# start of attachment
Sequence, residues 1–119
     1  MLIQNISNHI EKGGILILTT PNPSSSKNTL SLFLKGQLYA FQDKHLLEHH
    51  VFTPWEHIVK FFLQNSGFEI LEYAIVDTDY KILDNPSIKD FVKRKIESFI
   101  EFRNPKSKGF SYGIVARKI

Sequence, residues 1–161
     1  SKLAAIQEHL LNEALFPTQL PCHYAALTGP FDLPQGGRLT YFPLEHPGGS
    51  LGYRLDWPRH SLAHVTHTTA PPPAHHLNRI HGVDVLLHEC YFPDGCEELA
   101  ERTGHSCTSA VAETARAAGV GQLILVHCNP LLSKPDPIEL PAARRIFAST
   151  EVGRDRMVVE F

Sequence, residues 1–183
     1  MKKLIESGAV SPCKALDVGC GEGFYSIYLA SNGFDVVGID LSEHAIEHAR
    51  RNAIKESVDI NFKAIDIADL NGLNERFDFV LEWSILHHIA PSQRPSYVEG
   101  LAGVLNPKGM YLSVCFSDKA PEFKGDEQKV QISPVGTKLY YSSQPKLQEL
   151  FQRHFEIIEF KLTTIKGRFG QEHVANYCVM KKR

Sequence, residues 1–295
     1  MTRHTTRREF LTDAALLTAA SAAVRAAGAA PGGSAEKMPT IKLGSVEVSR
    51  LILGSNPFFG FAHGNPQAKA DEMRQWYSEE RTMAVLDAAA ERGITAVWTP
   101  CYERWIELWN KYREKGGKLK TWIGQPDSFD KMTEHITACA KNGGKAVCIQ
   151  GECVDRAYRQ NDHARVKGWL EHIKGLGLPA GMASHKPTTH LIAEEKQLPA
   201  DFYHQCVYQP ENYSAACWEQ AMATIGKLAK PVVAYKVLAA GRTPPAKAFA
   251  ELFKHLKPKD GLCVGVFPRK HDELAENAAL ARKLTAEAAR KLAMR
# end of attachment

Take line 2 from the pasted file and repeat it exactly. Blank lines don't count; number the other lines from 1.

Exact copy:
     1  MLIQNISNHI EKGGILILTT PNPSSSKNTL SLFLKGQLYA FQDKHLLEHH